“After listening to a wide variety of stakeholders, adding Computer Science to the definition of an adequate education matched what people are looking for,” she said. “The bill passed with wide bipartisan support in the legislature.”

CS4NH’s Beth Doiron, Director of College Access and DOE programs and initiatives at the community college system of NH, said skills learned in computer science courses help students build basic problem-solving skills.
“Computer science instruction helps students understand how to accomplish tasks more efficiently and help them be better prepared for college in general, regardless of their career or program major choice,” she said.

CS4NH has forged several strategic partnerships, including one with the New Hampshire Tech Alliance, which Executive Director Matt Cookson said makes sense for them in several ways.

“CS4NH goals align perfectly with the goals of our Workforce Development committee and mission of the organization,” he said. “Being able to house the efforts of CS4NH and support its growth and implementation was a logical step as we look to encourage more young people to learn about Computer Science in New Hampshire.”

Judith Burrows, Director of Student Aid at the New Hampshire Charitable Foundation, another CS4NH collaborator, said her biggest takeaway from computer science is the thought processes such a curriculum seeks to encourage.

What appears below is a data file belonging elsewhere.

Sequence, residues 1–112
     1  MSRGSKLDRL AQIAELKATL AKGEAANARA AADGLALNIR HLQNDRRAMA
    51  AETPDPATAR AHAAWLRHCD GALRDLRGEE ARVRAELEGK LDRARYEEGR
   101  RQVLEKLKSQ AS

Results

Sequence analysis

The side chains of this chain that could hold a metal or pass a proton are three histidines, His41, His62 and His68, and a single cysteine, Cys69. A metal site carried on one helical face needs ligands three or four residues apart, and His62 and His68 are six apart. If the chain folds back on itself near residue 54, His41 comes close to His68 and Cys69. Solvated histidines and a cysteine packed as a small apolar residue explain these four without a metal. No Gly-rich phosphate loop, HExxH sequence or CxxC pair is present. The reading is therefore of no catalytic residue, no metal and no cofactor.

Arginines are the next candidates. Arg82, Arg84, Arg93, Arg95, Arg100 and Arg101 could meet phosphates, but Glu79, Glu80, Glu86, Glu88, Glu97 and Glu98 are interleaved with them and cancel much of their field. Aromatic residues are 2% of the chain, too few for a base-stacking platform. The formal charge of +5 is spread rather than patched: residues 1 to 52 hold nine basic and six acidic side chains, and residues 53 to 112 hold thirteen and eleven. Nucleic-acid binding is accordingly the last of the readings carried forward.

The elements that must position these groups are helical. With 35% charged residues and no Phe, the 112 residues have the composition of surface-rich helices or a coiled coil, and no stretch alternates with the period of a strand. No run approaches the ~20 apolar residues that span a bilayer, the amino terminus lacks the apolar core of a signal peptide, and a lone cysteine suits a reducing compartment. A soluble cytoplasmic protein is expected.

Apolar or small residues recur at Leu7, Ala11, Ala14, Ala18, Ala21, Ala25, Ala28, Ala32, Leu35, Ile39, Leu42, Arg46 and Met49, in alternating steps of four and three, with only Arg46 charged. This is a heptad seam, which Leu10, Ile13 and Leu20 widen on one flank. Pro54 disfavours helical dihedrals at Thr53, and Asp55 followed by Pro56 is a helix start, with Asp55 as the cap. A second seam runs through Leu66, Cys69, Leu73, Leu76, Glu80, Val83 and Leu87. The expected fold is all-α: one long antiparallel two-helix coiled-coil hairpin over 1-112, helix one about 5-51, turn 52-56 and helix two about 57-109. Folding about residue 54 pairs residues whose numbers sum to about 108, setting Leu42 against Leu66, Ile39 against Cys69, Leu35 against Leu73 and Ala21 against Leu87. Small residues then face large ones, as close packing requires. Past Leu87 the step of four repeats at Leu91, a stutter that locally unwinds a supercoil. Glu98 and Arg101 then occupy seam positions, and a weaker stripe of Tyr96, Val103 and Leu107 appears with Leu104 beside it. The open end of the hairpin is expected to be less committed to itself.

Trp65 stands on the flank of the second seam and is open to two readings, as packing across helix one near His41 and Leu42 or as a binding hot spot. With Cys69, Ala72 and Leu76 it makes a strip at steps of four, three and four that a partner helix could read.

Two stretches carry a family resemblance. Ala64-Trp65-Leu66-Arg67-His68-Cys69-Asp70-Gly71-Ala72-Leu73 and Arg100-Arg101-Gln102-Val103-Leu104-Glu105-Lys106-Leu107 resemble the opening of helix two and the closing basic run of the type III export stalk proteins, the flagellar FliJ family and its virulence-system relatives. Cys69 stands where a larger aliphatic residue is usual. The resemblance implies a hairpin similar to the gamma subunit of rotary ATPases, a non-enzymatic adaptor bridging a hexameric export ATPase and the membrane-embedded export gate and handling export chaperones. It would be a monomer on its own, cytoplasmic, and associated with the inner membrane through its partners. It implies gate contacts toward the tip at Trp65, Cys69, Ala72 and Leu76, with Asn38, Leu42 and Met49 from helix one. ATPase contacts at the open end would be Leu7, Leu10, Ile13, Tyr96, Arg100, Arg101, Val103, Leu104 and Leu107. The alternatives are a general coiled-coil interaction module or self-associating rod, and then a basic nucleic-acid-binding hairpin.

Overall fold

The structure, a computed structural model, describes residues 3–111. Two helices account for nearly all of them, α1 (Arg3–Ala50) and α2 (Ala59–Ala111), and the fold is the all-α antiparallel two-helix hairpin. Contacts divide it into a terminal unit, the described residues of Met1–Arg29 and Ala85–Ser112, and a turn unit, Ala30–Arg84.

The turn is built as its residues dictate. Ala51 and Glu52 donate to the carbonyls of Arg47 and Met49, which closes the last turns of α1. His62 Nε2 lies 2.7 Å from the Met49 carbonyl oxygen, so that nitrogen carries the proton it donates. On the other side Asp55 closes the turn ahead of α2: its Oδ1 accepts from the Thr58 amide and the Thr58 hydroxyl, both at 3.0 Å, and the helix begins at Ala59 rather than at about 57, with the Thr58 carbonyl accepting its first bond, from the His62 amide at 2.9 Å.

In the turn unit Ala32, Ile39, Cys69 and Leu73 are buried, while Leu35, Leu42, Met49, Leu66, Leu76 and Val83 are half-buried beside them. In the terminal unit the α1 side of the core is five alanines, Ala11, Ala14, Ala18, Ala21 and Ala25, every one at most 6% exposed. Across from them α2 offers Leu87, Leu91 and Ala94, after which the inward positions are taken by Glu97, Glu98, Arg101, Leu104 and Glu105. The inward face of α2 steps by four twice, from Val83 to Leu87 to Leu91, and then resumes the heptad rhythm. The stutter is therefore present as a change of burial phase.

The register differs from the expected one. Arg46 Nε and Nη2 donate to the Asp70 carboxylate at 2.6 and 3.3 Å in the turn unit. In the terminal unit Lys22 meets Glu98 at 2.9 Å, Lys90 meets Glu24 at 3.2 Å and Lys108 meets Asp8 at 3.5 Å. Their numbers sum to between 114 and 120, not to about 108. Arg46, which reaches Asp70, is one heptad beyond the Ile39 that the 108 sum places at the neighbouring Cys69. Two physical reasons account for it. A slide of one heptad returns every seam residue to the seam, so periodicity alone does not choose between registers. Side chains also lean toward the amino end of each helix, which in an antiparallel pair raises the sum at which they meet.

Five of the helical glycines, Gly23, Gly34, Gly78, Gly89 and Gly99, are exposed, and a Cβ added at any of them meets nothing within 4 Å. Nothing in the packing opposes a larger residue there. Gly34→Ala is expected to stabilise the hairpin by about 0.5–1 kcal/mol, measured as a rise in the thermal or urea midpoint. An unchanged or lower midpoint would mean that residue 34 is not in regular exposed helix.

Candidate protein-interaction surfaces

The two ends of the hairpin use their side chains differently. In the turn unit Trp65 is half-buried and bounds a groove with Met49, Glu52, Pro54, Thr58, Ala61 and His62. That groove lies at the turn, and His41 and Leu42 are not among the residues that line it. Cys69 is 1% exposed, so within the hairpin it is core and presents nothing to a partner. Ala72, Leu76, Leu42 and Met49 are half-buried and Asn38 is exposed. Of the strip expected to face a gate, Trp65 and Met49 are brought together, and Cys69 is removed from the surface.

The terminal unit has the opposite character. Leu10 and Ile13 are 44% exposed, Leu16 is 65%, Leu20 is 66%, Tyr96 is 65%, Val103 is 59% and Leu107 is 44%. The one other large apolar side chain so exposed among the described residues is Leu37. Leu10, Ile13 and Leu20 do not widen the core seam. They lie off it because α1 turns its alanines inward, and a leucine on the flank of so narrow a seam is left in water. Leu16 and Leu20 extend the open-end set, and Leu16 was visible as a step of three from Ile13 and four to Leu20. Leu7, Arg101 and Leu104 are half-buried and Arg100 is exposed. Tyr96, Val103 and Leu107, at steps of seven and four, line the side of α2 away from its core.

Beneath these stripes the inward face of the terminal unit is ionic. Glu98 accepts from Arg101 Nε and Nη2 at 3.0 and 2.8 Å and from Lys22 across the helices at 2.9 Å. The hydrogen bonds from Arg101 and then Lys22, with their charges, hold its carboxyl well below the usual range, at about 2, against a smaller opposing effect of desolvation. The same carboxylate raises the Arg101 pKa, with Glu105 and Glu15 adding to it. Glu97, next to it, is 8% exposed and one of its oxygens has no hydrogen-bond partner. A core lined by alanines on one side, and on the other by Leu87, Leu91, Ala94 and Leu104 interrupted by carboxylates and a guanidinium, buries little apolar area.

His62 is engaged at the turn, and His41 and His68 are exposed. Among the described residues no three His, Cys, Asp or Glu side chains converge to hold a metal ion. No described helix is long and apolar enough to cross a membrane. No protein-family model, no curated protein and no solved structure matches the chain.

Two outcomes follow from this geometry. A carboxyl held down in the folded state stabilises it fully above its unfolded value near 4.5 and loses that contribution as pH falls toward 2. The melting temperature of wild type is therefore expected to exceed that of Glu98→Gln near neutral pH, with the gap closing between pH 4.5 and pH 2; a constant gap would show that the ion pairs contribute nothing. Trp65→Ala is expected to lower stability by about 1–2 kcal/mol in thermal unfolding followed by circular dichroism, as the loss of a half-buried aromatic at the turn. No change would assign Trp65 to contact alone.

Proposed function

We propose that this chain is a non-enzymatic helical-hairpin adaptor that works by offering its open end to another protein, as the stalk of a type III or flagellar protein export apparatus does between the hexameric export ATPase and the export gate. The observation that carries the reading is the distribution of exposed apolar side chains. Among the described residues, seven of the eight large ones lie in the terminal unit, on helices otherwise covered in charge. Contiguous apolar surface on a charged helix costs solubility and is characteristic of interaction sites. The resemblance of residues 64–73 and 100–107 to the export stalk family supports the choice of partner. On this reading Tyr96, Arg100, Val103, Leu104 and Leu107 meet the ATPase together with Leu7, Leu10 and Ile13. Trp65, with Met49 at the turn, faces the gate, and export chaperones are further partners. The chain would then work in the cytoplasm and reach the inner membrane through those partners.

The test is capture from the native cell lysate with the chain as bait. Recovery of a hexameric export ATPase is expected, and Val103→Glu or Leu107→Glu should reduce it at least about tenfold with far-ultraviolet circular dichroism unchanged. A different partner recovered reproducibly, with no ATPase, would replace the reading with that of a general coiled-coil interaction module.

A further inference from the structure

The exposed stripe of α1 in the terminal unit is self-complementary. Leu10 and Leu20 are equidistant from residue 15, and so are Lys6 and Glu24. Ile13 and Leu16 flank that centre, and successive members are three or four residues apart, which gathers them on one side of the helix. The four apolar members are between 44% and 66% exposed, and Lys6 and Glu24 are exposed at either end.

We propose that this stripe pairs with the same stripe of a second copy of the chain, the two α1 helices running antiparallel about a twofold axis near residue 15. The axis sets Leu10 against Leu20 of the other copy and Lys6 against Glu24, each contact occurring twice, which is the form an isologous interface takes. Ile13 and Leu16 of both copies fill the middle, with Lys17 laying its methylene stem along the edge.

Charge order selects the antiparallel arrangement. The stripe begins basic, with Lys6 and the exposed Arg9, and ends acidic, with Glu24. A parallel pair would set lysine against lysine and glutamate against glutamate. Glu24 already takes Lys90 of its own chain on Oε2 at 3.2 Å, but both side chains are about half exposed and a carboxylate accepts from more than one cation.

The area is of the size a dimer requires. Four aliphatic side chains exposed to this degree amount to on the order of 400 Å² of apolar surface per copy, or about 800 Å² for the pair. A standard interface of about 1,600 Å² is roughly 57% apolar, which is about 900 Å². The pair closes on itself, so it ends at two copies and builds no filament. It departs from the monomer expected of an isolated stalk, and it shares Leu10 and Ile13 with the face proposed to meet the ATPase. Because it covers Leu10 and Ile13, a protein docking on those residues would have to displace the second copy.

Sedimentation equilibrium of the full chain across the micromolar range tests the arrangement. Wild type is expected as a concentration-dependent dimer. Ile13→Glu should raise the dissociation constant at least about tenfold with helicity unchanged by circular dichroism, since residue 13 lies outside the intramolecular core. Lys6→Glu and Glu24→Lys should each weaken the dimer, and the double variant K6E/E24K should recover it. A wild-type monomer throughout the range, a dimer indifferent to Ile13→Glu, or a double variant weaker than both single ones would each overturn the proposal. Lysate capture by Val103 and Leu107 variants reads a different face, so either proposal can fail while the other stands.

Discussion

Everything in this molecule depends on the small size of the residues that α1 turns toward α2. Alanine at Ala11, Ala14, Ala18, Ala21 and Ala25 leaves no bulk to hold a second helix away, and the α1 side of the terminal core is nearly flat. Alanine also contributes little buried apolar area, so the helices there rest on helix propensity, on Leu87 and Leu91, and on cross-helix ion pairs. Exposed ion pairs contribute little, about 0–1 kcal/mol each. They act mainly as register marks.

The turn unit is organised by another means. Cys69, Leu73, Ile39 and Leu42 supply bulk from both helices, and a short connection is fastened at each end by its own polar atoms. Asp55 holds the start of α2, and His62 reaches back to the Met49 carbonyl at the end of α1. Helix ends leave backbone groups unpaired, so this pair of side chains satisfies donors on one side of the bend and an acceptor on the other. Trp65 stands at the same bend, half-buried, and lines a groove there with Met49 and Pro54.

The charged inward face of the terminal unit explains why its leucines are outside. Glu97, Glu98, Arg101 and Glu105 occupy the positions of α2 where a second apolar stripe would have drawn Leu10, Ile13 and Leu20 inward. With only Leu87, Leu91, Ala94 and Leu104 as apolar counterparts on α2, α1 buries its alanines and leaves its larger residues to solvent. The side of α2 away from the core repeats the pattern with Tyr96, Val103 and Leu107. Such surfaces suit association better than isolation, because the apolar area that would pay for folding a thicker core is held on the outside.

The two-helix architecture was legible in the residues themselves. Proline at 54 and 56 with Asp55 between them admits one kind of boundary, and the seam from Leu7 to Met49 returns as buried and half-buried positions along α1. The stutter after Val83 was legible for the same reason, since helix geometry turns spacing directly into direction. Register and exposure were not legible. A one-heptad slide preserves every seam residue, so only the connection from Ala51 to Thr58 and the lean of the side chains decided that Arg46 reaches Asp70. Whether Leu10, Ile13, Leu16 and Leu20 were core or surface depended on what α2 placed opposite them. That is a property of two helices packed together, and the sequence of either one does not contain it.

“Computational thinking is much more than just programming or IT,” she said. “It is foundational for all businesses. It really is the currency that businesses are looking for regardless of the field.”

Citing computational thinking as “the backbone” of various forms of technology, Lori Langlois, Director, North Country Education Services, said Computer Science addresses current and future needs.

“Given the known workforce shortages in NH in computer programming, web development, and other skilled computing fields, CS4NH has an important role in advocating to increase access and participation in CS to foster these career paths for students,” she said.

Langlois said CS4NH is particularly important in her region.

“For the North Country, computer science holds the potential for developing an
innovation economy,” she said. “In order to attract new or expanding businesses, northern NH schools are focusing on computer science with the intention of making visible, the young, energetic, and talented individuals we are developing for a STEM-skilled employee pipeline.”

To learn more about CS4NH, or any related initiative, visit cs4nh.org.

This is the final story of a multi-part series on CCC and the relevance of computational thinking in the classroom and industry in NH.